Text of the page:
Archbishop Dr. Eliud Wabukala :How I unlocked Kidero-Shebesh stalemate

The Anglican Church of Kenya Archbishop Dr. Eliud Wabukala

The Anglican Church of Kenya Archbishop Dr. Eliud Wabukala

His soft voice belies his intellectual rigour and his firm defence of his convictions. The Anglican Archbishop Eliud Wabukala is a learned man whose conversation is laced with many academic allusions.

When in 2008 the Archbishop of Canterbury invited the Episcopal Church of the USA, which has openly gay clergy, to the Lambeth Conference, Archbishop Wabukala rallied the Global Anglican Future Conference — which he chairs — to boycott the assembly.

He has now faulted the Primate of All England for writing to the presidents of Uganda and Nigeria over anti-gay laws instead of communicating through the Church leadership in the two countries, saying the move is counterproductive.

We met Dr Wabukala this week at the All Saints Cathedral, where he whispered to us how he managed to convince Nairobi women’s representative Rachel Shebesh to forgive Nairobi Governor Evans Kidero over a slapping incident.

Q: You have just come from seeing the President and his Deputy. What was your mission in the house on the hill?

We had gone to discuss a Bill on education. We wanted our input taken in. Currently, educational policies are being drafted in a manner which is slowly edging out Christian values.

Remember, the history of formal education in this country is intertwined with the Church Missionary Society — which gave birth to the Anglican Church — and without the coming of these missionaries, our Western education as we know it now would be non-existent.

Q: The essayist Francis Bacon wrote that reading maketh a man. What kind of literature made you a man of cloth?

A: I am an interdisciplinary scholar of all subjects. I have taught sciences — biology and chemistry as well as Systematics Theology — famous theologians and how they shaped the Christian faith, and how to interpret the Bible. I was the first born in a family of preachers and my parents planted in me the word at an early age. But I can say as early as Standard Five, I knew Christ had called me.

However, I actually left the civil service to teach and preach when I felt the office was cold. That was when I went for a teachers’ training course and thereafter taught at Nangili Girls High School.

Q: Besides the Bible and theological works which other body of knowledge do you find fascinating?

A: I am a student of Shakespeare, Dickens, Ngugi, Achebe and the philosophical works of such scholars as Soren Kierkegaard and John Stott.

Q: What are you reading now?

A: The Victory of Reason: How Christianity led to Freedom Capitalism and Western Success by Rodney Stark. I like reading on how Christianity has shaped civilisation. The Christian God is the only one you reason with. He says: Come we reason together. It is for that reason that we are here debating over these varied subjects.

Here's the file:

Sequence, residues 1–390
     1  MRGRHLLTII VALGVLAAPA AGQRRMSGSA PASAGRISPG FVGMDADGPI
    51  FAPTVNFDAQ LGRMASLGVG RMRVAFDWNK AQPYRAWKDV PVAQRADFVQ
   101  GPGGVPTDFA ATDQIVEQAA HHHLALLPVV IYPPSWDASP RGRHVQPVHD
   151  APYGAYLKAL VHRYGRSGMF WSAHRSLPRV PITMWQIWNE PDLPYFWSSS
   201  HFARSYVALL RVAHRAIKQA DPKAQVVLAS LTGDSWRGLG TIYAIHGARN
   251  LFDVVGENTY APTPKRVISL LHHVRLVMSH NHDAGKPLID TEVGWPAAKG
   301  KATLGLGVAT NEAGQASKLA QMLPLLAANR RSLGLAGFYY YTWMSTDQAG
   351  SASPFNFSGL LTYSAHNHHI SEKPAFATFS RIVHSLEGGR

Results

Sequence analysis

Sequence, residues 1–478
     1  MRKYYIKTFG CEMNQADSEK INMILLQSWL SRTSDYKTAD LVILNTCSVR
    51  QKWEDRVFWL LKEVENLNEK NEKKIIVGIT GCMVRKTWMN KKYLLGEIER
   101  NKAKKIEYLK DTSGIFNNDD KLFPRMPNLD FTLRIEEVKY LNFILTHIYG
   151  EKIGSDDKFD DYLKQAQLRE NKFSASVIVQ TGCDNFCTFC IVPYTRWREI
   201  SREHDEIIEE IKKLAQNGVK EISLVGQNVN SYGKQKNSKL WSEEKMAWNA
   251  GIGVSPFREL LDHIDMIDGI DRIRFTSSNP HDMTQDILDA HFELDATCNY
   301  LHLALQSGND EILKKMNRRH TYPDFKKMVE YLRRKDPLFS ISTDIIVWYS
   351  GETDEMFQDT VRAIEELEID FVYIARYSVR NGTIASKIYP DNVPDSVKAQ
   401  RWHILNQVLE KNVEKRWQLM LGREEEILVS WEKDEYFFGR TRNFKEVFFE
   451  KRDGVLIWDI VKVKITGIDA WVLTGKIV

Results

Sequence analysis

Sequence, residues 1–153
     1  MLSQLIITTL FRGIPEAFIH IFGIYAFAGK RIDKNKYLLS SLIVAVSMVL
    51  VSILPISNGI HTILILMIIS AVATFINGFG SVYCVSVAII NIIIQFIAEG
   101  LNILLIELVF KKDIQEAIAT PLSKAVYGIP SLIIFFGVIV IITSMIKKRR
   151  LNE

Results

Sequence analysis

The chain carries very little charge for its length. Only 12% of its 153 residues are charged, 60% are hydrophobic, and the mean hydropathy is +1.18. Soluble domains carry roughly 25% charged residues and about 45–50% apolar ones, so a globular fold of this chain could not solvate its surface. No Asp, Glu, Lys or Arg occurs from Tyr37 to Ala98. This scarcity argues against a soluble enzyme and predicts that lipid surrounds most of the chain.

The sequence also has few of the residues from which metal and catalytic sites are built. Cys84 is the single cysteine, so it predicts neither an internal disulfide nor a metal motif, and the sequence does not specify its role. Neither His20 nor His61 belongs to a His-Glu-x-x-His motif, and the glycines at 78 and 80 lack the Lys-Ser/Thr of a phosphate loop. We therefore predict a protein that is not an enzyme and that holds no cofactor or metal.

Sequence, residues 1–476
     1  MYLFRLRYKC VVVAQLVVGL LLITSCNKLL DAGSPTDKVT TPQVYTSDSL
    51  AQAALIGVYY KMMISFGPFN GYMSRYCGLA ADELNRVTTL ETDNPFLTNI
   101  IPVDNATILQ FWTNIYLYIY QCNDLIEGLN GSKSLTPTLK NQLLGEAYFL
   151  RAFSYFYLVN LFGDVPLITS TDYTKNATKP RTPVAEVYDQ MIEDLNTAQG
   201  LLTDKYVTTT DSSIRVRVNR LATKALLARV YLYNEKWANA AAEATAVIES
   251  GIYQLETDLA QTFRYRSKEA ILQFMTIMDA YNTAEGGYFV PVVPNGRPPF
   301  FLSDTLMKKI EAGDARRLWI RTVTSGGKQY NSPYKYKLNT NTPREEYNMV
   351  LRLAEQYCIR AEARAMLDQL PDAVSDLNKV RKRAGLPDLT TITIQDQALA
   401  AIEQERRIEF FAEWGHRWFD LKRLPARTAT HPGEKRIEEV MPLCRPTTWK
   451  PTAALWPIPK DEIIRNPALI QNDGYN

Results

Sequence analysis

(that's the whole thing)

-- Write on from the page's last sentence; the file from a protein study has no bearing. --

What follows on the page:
Q: If you were to suggest one book for Kenyans what would it be?

A: The book of Ecclesiastes is applicable whether you are a Christian or not. It interrogates all aspects of life and then it humbles you and eventually it tells you, what is the point? It is all vanity and that we are made to glorify God, not the many earthly things we labour so much to achieve.

Q: But how do you explain that a munificent God can allow so much suffering and death of even innocent children?

A: That is theodicy (the attempt to answer the question of why God permits the manifestation of evil). At a certain point in an individual’s life, that question comes and if this person does not get the right environment to provide answers to this, the question becomes destructive. But if it gets the right environment, the person comes out the purer.

Look at Job, for example, when God questions him on the wonders of creation. At the end he asks for forgiveness, admitting he could not understand it. Even Christ at some point asks why God has forsaken him but still gives way to God’s will. We can ask questions but when we realise that some things are really beyond our comprehension then we learn who we really are.

Q: Many saw the death of retired Archbishop David Gitari as the beginning of the end of an era of a bold generation of Church leaders whose brave activism helped usher in the second liberation. What will the present generation of prelates be remembered for?

A: The context in which we live shapes how we behave. The system then was very restrictive and the presidency was a no-go zone. In fact, I have just come from a meeting with the President now. The system then was anti-reform. But, mark you, I was the chairman of the National Council of Churches of Kenya when we agitated for some of these freedoms.

Even today, when things are not done correctly, you still see me come out to say that this is now too far. Archbishop Gitari did very good work that had to be done at the time. Anybody who was really true to his calling had to rise to the occasion. Remember people like Alexander Muge, Henry Okullu and Mutava Musyimi.

Q: With the run-away commercialisation of the gospel, don’t you think if Jesus came today He would take a whip and run most of the clergy out of town?

A: That’s an area of concern. I remember writing a paper on Pentecostalism while at the University of Toronto on this. There was a time when Theology of the Cross ruled. When Pentecostalism came, it was good because we needed the power to revamp the Church but it has now come to a point where people want to make wealth out of it and I think this is wrong. We need faiths to regulate themselves so that people do not take a scripture out of context and use it to manipulate people.

Q: Would Jesus have flown jets that we now see even pastors from Africa flying if he had lived at this age?

I wish you knew how I started. I used to ride my bicycle to work. I am guided by three principles in my Christian life: Walk humbly with God, do justice and show mercy to all — they guard me from any excesses.